Writing a will Inheritance tax - how much will I pay?

Wills and inheritance

What you leave behind a will may be subject to inheritance tax

During 2015-2016 the individual inheritance tax allowance is £325,000- this is the amount you can leave to your heirs without paying IHT and is normally called the nil-rate band. It has remained the same frozen since 2010 and not due to rise until  2020.

Inheritance tax thresholds and rates

If you are single and die during 2016-2017 with an estate worth more than £325,000 (including money, property and investments, but after deducting debts and expenses such as funeral costs), 40% tax will become due on anything above £325,000.

For example, if you leave behind an estate worth £500,000 the tax bill will be £70,000 (40% on £175,000 – the difference between £500,000 and £325,000).

However, if you are married or in a civil partnership, you may be able to leave more than this before paying tax. From April 2016 the threshold will be higher if your estate includes a family home that you leave to your children.

Find out more: If you need more help with your inheritance tax questions, or any other aspect of your finances, sign up to a £1 trial with Which? and you can speak to a member of our Money Helpline team to get individual guidance.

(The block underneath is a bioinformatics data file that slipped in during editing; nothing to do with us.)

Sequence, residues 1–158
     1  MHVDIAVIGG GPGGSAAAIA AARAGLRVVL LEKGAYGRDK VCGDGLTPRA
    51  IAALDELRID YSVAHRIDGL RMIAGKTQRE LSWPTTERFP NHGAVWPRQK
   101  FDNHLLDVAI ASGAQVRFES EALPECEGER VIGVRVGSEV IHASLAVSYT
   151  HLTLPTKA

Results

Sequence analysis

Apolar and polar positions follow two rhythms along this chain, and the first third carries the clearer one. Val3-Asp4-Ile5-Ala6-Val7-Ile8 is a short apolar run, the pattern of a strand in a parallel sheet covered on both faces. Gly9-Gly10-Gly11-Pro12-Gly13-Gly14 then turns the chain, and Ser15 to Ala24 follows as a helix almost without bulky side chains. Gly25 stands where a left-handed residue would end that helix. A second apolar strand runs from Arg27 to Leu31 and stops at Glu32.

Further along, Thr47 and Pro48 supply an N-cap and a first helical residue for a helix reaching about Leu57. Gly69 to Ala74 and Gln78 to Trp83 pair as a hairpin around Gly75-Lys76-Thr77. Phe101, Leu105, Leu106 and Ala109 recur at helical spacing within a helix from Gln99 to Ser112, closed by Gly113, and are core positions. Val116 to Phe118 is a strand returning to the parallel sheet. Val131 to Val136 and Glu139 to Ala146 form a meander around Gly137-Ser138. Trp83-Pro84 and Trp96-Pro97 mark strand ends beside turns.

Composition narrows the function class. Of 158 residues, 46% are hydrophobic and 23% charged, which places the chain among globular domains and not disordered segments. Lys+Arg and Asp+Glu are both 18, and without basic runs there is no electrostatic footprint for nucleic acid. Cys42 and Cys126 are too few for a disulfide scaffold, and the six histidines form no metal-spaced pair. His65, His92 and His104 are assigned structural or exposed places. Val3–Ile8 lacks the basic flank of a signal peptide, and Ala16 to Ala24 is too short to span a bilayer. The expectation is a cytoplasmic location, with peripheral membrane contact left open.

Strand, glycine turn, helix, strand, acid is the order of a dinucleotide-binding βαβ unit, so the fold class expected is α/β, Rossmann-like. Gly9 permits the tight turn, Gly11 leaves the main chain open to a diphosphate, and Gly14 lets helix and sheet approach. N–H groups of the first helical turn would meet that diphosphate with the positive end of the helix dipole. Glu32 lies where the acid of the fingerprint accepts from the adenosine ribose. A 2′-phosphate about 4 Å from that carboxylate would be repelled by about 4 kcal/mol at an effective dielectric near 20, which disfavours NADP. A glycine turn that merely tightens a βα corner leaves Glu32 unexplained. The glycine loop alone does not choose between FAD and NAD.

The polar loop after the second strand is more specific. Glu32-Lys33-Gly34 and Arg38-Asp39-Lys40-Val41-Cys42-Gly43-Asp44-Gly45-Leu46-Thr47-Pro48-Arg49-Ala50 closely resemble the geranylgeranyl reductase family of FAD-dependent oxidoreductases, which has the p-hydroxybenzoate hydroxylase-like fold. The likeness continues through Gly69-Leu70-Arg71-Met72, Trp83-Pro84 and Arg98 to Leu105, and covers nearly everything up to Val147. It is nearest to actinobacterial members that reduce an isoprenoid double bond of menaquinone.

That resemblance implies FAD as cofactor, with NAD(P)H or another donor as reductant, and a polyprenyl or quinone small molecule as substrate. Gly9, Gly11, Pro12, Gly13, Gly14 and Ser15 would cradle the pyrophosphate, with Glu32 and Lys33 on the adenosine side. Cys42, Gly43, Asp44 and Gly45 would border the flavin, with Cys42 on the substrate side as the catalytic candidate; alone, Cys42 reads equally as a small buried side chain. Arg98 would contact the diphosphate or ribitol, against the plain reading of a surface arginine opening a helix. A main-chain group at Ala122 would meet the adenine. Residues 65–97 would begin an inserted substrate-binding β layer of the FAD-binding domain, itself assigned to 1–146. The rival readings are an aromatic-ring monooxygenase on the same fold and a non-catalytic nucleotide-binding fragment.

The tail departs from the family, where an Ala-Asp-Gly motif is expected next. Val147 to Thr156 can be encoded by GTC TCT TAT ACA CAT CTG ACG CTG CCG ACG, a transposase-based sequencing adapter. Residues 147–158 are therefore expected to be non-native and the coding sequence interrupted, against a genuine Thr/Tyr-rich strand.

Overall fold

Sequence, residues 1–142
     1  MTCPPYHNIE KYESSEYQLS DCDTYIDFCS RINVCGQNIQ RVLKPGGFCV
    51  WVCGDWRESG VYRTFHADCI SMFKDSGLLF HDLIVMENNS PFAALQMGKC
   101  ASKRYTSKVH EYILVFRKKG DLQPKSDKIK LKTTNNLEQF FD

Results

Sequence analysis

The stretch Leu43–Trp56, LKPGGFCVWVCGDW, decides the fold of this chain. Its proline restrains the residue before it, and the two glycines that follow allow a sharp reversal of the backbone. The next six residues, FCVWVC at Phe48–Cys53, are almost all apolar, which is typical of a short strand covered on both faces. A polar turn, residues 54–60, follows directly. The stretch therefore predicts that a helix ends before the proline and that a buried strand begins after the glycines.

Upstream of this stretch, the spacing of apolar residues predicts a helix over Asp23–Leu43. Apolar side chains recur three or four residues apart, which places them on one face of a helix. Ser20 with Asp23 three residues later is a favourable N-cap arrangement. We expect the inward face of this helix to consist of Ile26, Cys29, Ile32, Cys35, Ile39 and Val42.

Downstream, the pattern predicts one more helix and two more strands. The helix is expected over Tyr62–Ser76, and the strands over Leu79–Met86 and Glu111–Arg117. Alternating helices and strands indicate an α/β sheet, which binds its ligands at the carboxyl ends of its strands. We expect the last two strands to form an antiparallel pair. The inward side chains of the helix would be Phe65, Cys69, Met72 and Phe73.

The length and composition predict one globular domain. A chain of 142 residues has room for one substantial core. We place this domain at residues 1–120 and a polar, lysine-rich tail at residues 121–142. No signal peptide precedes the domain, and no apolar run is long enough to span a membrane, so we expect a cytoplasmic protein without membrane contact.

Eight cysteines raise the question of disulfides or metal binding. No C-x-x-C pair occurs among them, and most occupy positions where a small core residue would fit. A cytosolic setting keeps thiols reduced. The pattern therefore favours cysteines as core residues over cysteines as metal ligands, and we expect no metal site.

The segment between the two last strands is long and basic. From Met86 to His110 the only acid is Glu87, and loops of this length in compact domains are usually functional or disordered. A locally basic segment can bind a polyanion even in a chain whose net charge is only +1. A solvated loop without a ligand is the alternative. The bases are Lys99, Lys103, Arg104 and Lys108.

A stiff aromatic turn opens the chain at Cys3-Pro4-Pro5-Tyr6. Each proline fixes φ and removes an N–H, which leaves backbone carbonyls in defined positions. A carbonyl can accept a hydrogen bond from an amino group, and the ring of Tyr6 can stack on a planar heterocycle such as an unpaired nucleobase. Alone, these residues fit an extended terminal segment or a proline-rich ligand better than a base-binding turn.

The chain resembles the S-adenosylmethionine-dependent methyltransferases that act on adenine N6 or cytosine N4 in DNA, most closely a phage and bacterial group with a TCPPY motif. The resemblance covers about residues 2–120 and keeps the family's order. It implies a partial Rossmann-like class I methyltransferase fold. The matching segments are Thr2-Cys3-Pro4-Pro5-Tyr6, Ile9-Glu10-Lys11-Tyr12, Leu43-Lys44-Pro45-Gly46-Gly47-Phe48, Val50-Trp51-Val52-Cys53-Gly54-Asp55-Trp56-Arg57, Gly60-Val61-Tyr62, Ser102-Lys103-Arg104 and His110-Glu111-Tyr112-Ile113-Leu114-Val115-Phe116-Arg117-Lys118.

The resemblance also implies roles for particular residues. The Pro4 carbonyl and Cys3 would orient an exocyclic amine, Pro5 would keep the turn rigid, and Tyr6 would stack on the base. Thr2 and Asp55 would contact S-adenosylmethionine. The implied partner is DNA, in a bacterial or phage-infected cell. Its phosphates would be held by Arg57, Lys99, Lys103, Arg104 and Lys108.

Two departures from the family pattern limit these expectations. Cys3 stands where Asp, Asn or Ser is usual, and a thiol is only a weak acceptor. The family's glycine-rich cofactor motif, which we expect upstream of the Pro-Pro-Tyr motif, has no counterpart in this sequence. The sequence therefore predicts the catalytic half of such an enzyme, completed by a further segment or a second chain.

Inheritance tax rules for married couples and civil partners

Married couples and civil partners are allowed to pass their possessions and assets to each other tax-free and, since October 2007, the surviving partner is now allowed to use both tax-free allowances (providing one wasn’t used at the first death).

Where a full allowance remains, this effectively doubles the amount the surviving partner can leave behind tax-free without the need for special tax planning.

However, some people, whose partner died before 21 March 1972 will be caught by a loophole which means they don't get a 'double allowance'.

Find out more: Inheritance tax explained - this guide contains all the details you need to know about paying this tax

Inheritance tax rule changes

In the 2015 Summer Budget, the Chancellor, George Osborne announced a new transferable main residence allowance, which will gradually increase from £100,000 in April 2017 to £175,000 per person by 2020/21. This is in addition to the main nil-rate band. It will effectively raise the IHT-free allowance to £500,000 per person. Where married couples jointly own a family home and want to leave this to their children, the total IHT exemption will be £1m.       

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Last updated:

June 2016

Updated by:

Ian Robinson

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